through problem solving under adult guidance or in collaboration with more
capable peers (Vygotsky, 1978:86).

Vygotsky believes that the desired outcome of
learning takes place at the level of potential development. What a child or
learner already knows at the actual development is holding the child back from
learning anything new, so with the guidance of an adult or more knowledgeable
other a learner is able to progress to the potential development stage while
all taking place in collaboration with peers in a social setting.

Jerome Bruner, another prominent constructivist also emphasized the
social nature of learning and attaches great
importance to language in determining cognitive development. He, much
like Piaget and Vygotsky, believed that other people should assist a child or
learner in developing skills. However, he called this model scaffolding. There is a very close relationship
between scaffolding and the zone of proximal development. Bruner (1961),
believed that scaffolding exists between the process of actual development and
potential development with the guidance of a more knowledgeable other.
Therefore, scaffolding takes place in Vygotsky’s Zone of Proximal Development.

Scaffolding refers to the steps taken to
reduce the degrees of freedom in carrying out some task so that the child can
concentrate on the difficult skill she is in the process of acquiring (Bruner,
1978: 19).

Bruner likens his scaffolding model to
scaffolding on a building. It is there to aid the builders but eventually it gets
taken away once the desired outcome has been achieved. Scaffolding is temporary
but necessary. Learners are dependent and need help from a more knowledgeable
other but once the desired outcome has been achieved, learners become
independent and are then placed in groups where they can assess and aid each
other in accomplishing tasks. Vygotsky’s theory of social learning has been
expanded upon in recent years by Douglas Barnes and Neil Mercer.

Douglas Barnes believes that as we grow up and learn, we relate what we
are learning to what we already know. We evolve our current thoughts or schemas
to include new thoughts based on previous thoughts. Barnes calls this “working
on understanding” (Barnes, 2008: 1). Working on understanding can be likened to
Piaget’s ideas of assimilation. Accommodating new ideas is daunting, one simply
does not just accept a truth or idea. Barnes believes the best way of working
on understanding is often through talk, because talking makes it easy for us to
arrange or rearrange new ways of thinking from what we already know. If
something does not seem quite right as you are saying it, or hearing it, one
would deem it inadequate, or hopefully, much like a puzzle piece, one would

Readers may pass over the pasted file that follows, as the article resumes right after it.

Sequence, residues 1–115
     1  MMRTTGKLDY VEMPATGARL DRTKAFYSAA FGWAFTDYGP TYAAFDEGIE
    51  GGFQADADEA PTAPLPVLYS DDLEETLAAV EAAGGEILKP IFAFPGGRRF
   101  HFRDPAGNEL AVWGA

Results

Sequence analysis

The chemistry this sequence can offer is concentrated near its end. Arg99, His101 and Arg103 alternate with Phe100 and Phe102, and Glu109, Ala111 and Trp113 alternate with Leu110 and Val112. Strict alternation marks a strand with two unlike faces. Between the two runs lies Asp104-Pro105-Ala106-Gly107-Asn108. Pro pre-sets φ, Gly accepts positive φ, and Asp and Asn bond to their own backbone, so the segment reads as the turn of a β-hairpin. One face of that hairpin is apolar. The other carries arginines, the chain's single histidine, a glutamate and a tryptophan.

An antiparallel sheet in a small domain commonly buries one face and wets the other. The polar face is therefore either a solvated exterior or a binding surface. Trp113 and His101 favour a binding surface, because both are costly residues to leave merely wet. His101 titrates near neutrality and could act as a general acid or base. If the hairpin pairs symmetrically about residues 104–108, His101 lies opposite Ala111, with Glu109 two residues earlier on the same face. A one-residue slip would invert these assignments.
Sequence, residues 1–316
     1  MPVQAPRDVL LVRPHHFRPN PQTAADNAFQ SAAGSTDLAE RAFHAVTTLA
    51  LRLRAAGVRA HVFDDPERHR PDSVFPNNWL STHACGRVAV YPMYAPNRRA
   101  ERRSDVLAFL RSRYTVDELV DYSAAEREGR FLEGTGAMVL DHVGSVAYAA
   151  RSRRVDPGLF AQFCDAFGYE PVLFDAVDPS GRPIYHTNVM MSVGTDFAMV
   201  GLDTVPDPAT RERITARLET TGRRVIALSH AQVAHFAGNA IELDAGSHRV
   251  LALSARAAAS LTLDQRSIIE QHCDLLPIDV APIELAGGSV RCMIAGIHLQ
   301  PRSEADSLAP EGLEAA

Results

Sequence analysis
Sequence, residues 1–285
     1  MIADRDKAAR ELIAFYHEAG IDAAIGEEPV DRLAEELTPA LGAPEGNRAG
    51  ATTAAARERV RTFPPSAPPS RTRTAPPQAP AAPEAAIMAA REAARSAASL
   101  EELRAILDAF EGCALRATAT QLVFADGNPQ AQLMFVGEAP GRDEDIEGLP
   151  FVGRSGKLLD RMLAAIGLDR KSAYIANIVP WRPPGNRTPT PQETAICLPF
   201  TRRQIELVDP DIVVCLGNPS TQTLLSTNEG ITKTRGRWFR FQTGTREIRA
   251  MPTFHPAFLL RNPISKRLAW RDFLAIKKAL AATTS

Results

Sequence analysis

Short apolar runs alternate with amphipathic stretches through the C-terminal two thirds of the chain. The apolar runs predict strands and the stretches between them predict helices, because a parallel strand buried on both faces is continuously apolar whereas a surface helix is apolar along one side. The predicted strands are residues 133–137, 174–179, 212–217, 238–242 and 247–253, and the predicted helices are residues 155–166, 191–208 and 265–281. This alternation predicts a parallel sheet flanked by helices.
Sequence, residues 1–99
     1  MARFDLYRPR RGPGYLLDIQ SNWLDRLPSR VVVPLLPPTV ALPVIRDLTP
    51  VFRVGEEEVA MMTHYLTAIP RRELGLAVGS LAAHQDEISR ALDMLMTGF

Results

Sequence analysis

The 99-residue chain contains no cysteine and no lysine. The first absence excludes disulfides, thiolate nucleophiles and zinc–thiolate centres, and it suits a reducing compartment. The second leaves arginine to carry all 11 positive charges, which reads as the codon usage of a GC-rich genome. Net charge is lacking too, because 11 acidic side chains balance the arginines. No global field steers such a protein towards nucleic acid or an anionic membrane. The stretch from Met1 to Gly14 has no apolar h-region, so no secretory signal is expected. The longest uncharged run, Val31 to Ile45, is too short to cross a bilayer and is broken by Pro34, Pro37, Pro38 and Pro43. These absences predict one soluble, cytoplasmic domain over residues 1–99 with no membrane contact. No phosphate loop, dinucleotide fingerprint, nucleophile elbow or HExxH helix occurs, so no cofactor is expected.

rearrange it until it makes sense and ‘fits’ (Mercer and Hodgkinson, 2008). Barnes
states that there are two forms of talk. They are exploratory talk and presentational
talk (Barnes 1976/ 1992);

“Exploratory
talk is hesitant and incomplete because it enables the speaker to try out
ideas, to hear how they sound, to see what others make of them, to arrange
information and ideas into different patterns … in presentational talk the
speaker’s attention is primarily focused on adjusting the language, content and
manner to the needs of an audience” (Barnes 2008: 5).

Barnes believes that there are numerous ways to come to an understanding
of an idea but through talk it is easier and impermanent. There is much leeway
to make mistakes and reorganise your thought in your head and then verbalise
it. It is not finite where it is on say, paper. There is room for mistakes and
of course this could bring its downfalls. Learners not wanting to embarrass
themselves may not engage in exploratory talk, but I will discuss more of this
later on. Exploratory talk is quite literally exploring thought, your own and
others, by way of verbal communication. One would process, sort and organise
ideas to accommodate a new idea. Exploratory talk is much more advantageous
than presentational talk. Presentational talk lends itself to the idea that you
are talking to express the correct answer or idea. Barnes claims that some
teachers rush into presentational talk before they have had the chance to work
on understanding through exploratory talk. Short answers, as given in
presentational talk does not allow the learner to gain a deeper level of
understanding.

Thinking Together (Mercer et.al. 2012), a dialogue-based
approach integral to the development of children’s thinking and learning,
suggests that there are three ways of talking and thinking; disputational,
cumulative and exploratory: Disputational talk is identified as short answered,
disagreements with little to none collaborative decision making. Few attempts
are made to pool resources together to make suggestions as well as no constructive
feedback given to each other. Cumulative talk on the other hand, is where there